Sibling Conflict during COVID-19 in Families with Special Educational Needs and Disabilities

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Young people with special educational needs and disabilities (SENDs) and their families have been particularly hard hit by the COVID-19 pandemic. In this longitudinal study, sibling conflict in these families during and after the first lockdown in the United Kingdom was investigated. Online questionnaires were completed by 504 parents of young people with SENDs at four-time points between 23rd March 2020 and 10th October 2020 (over half completed the questionnaire at multiple time points). As lockdown progressed, young people with SENDs were more likely to be picked on or hurt by their siblings compared to earlier stages of the lockdown but there was no change in how frequently they harmed or picked on their siblings. After lockdown, both perpetration and victimisation decreased but not to the same rates as the first month of lockdown. Young people with SENDs with severe or complex needs were somewhat protected from sibling conflict. Findings are discussed with reference to implications for support and planning for future pandemics.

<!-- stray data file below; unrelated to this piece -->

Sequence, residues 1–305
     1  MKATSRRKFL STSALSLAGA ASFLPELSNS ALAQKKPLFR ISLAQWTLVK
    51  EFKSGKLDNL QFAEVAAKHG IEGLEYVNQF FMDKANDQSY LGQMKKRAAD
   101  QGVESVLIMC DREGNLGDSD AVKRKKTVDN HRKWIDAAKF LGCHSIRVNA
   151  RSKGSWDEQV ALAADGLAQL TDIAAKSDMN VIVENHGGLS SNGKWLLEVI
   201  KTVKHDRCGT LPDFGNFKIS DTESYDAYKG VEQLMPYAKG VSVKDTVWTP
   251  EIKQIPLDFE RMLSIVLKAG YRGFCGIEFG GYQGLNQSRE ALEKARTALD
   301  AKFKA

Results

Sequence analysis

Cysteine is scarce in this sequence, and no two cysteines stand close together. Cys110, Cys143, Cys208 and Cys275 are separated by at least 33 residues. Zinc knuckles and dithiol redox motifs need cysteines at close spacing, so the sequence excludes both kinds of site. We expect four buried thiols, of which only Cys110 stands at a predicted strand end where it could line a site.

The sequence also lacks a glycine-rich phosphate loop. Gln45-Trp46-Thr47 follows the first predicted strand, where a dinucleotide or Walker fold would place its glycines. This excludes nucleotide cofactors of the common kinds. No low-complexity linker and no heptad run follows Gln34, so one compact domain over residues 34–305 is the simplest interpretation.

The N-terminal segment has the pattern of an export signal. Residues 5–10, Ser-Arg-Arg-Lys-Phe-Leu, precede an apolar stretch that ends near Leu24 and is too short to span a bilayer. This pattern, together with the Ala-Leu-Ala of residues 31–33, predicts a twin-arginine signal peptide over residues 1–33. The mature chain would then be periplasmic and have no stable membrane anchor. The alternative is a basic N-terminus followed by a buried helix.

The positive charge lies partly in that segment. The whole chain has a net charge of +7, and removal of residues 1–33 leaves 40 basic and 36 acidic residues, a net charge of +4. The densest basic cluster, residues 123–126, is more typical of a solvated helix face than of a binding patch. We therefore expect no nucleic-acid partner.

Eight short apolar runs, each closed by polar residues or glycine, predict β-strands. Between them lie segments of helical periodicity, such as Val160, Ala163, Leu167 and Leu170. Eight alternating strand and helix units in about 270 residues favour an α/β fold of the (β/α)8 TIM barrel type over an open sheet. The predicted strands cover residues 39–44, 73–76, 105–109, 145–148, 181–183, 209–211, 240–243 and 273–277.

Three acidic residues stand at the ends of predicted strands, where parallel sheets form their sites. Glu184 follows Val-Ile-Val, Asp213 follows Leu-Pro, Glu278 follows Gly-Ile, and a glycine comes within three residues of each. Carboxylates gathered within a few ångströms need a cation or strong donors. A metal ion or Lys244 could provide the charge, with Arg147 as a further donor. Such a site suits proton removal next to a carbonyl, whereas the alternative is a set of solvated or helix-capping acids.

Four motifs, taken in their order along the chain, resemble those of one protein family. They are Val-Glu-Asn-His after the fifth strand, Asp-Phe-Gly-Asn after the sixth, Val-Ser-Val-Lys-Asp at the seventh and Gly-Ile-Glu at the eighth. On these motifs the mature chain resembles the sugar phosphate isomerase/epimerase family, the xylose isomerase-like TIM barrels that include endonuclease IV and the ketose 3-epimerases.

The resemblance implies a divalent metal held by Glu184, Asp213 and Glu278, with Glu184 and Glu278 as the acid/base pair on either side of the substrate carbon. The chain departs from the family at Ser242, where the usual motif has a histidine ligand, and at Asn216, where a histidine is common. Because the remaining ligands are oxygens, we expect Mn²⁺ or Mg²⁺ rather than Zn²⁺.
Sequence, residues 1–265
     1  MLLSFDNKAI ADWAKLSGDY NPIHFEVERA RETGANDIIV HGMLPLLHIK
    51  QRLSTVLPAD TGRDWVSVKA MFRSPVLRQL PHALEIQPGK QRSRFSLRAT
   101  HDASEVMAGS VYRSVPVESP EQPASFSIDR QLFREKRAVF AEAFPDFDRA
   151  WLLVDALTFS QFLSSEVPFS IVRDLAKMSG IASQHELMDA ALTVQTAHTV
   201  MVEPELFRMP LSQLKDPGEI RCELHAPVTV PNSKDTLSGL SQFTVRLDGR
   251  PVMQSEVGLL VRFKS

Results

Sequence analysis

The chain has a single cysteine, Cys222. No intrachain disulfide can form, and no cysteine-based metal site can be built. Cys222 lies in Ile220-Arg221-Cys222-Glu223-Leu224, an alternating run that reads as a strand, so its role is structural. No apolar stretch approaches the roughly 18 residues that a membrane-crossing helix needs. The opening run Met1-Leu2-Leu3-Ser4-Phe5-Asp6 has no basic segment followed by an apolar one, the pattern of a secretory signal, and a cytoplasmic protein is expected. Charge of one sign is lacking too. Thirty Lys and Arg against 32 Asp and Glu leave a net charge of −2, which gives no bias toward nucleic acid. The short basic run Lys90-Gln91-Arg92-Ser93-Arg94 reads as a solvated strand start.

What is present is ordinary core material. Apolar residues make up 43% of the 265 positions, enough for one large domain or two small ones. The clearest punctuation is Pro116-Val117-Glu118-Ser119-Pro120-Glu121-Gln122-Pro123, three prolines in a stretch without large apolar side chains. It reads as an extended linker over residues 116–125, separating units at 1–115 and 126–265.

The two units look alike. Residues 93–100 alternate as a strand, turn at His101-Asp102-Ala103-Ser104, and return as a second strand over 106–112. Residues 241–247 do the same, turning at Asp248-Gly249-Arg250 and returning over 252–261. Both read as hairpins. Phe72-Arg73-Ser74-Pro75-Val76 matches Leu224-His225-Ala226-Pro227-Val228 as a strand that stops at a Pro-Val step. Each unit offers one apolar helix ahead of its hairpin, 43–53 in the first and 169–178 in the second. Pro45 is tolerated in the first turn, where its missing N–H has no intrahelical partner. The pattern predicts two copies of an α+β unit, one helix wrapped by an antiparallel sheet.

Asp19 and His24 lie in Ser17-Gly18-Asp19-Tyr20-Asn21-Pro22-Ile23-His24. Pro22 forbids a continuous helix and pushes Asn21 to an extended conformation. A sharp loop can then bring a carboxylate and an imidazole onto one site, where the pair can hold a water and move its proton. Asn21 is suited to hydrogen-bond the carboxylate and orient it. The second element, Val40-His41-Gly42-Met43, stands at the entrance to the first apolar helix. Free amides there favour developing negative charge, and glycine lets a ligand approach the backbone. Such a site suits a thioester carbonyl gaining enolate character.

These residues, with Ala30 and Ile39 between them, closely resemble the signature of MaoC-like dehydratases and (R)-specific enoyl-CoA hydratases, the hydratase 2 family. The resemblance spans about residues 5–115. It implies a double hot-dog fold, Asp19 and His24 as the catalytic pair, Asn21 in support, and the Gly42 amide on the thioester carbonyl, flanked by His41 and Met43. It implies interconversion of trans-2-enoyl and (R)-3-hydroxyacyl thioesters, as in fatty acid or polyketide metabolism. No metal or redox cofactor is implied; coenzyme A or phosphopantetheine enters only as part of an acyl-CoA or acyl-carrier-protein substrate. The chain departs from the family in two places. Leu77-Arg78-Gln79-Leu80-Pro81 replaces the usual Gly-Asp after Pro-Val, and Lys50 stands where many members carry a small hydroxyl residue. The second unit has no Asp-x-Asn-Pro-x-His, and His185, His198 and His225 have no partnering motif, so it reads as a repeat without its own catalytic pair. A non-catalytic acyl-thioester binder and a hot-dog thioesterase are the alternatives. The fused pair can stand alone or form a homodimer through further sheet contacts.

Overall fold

Original languageEnglish
Pages (from-to)319
Number of pages339
JournalBritish Journal of Educational Psychology
Early online date23 Aug 2021
Publication statusPublished - 9 Feb 2022

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